Location: Food and Feed Safety Research
Title: The ecology of carrion decomposition Authors
|Mondor, E -|
|Tremblay, M -|
|Tomberlin, J -|
|Benbow, M -|
|Tarone, A -|
Submitted to: Nature Education
Publication Type: Peer Reviewed Journal
Publication Acceptance Date: June 15, 2012
Publication Date: September 15, 2012
Citation: Mondor, E.B., Tremblay, M.N., Tomberlin, J.K., Benbow, M.E., Tarone, A.M., Crippen, T.L. 2012. The ecology of carrion decomposition. Nature Education Knowledge. 3(10):21. Interpretive Summary: The educational division of the Nature Publishing Group is developing a suite of innovative educational resources to support institutions, instructors, students, and societies in the form of an open teaching and learning platform for the life sciences. Articles are written by recognized experts and peer-reviewed with the goal of improving the quality and impact of science education that can be accessed by all parts of the world without a cost barrier. This article addresses the ecology of carrion decomposition, including associated bacterial activities, and represents high quality, vetted scientific information important to food security, food safety, and disease reduction that is accessible to the global community.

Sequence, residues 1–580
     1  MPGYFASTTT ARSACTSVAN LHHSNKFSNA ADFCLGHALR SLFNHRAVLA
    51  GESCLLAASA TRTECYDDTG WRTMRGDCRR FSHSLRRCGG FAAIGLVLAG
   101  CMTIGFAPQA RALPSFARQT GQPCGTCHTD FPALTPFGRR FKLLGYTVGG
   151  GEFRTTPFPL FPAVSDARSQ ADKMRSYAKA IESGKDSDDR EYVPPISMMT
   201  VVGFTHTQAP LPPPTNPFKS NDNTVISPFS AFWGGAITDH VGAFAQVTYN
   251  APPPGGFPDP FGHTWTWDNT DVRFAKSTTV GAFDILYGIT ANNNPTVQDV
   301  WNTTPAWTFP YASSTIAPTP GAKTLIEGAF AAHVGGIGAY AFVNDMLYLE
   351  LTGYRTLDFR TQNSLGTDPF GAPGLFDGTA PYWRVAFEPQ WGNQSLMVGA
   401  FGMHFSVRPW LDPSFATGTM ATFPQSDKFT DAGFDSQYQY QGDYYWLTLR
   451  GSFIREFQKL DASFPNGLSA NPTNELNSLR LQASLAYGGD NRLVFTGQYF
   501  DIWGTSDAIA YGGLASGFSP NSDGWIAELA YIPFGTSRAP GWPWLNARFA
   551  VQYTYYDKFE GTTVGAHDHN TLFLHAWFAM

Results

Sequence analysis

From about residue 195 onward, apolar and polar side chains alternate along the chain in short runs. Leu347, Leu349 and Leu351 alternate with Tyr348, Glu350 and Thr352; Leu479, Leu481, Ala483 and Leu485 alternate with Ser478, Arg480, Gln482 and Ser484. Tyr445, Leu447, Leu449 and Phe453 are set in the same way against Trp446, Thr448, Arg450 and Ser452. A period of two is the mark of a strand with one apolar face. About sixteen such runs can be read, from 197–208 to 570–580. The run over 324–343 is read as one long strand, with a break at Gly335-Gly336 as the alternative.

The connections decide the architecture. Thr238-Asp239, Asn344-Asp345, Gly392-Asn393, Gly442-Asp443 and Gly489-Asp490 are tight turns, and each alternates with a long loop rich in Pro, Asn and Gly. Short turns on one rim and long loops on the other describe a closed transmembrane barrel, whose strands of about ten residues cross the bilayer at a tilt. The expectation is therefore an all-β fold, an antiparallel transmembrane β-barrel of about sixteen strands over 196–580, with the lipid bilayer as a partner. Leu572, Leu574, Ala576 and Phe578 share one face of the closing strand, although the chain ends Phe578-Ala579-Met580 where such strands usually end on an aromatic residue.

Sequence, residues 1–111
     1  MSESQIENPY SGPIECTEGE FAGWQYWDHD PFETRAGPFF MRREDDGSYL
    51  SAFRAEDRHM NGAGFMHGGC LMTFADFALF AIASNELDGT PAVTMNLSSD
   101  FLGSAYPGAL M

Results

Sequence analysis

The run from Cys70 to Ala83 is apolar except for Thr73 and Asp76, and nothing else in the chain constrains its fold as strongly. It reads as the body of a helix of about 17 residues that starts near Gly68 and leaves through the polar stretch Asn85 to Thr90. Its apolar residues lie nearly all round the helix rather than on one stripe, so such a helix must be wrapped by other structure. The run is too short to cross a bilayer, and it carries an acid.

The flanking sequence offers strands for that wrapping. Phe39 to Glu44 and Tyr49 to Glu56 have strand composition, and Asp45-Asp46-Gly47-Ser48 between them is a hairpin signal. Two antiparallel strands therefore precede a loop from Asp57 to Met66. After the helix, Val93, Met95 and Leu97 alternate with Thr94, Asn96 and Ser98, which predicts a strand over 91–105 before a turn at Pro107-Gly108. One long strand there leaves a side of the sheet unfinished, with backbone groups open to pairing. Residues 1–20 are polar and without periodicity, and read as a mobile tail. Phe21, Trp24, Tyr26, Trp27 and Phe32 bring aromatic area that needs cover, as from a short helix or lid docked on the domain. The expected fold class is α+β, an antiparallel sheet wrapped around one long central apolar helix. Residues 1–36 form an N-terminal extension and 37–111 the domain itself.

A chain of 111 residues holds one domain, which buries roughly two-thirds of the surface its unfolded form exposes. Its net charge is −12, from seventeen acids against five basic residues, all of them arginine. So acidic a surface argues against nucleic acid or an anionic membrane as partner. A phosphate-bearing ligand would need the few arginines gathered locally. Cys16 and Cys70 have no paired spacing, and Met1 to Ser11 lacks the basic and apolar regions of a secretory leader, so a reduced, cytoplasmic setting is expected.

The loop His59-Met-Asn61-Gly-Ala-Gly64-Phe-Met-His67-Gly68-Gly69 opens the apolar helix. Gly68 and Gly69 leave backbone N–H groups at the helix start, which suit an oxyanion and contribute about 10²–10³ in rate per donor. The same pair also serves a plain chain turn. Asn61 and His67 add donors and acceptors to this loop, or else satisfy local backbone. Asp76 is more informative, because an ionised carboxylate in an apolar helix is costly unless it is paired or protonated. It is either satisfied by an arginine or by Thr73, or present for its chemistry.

Technical Abstract: Carrion, or the remains of dead animals, is something that most people would like to avoid. It is visually unpleasant, emits foul odors, and may be the source of numerous pathogens. Decomposition of carrion, however, provides a unique opportunity for scientists to investigate how nutrients cycle through an ecosystem. Many people might ask, “Why is this subject important?” Simply put, understanding carrion decomposition is important from both a basic and applied perspective. Carrion decomposition experiments allow us to better understand how ecosystems function so that we can more effectively manage natural environments and pathogen movement. It also enhances our abilities to identify the factors influencing decomposition rates to solve the forensic mysteries surrounding unexplained deaths of animals, including humans.